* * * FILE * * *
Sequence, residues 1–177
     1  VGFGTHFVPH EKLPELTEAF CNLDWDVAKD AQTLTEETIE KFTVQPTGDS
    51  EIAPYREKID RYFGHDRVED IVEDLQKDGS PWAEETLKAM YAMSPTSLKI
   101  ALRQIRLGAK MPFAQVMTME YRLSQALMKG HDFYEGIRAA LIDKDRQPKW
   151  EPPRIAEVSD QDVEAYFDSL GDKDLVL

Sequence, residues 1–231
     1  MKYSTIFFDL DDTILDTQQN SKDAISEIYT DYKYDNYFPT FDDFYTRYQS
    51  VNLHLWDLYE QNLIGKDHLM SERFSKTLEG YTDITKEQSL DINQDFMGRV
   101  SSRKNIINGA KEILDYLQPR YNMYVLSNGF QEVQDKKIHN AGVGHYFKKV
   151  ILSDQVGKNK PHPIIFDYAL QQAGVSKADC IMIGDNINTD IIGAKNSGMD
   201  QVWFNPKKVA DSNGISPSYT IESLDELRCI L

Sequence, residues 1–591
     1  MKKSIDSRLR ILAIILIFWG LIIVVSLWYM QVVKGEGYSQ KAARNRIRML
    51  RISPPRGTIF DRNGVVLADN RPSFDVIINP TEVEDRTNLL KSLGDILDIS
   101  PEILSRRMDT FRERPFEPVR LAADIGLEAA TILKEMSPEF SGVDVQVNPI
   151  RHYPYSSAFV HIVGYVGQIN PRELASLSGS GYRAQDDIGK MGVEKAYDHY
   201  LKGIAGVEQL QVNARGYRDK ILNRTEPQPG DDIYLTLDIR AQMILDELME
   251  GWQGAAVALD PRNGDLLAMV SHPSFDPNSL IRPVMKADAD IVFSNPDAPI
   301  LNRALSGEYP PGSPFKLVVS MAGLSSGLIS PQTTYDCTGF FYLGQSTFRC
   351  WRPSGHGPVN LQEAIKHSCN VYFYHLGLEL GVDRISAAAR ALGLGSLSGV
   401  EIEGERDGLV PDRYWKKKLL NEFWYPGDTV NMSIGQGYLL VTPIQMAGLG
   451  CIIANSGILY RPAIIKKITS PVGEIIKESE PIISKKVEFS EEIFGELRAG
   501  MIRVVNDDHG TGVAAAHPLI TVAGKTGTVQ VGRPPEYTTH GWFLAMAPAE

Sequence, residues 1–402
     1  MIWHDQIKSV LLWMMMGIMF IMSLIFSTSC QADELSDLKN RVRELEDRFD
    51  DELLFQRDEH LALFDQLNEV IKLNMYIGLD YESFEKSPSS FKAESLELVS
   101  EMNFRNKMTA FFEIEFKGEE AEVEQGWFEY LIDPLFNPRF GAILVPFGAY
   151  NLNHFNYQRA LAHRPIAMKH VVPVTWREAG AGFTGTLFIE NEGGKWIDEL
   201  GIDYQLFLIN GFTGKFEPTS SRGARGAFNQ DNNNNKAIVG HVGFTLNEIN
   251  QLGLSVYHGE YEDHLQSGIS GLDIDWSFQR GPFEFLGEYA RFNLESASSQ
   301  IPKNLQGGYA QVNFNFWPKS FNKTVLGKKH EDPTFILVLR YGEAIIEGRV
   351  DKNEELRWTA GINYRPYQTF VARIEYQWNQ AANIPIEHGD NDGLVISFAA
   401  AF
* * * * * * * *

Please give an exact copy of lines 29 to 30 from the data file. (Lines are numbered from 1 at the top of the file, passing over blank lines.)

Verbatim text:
   201  GIDYQLFLIN GFTGKFEPTS SRGARGAFNQ DNNNNKAIVG HVGFTLNEIN
   251  QLGLSVYHGE YEDHLQSGIS GLDIDWSFQR GPFEFLGEYA RFNLESASSQ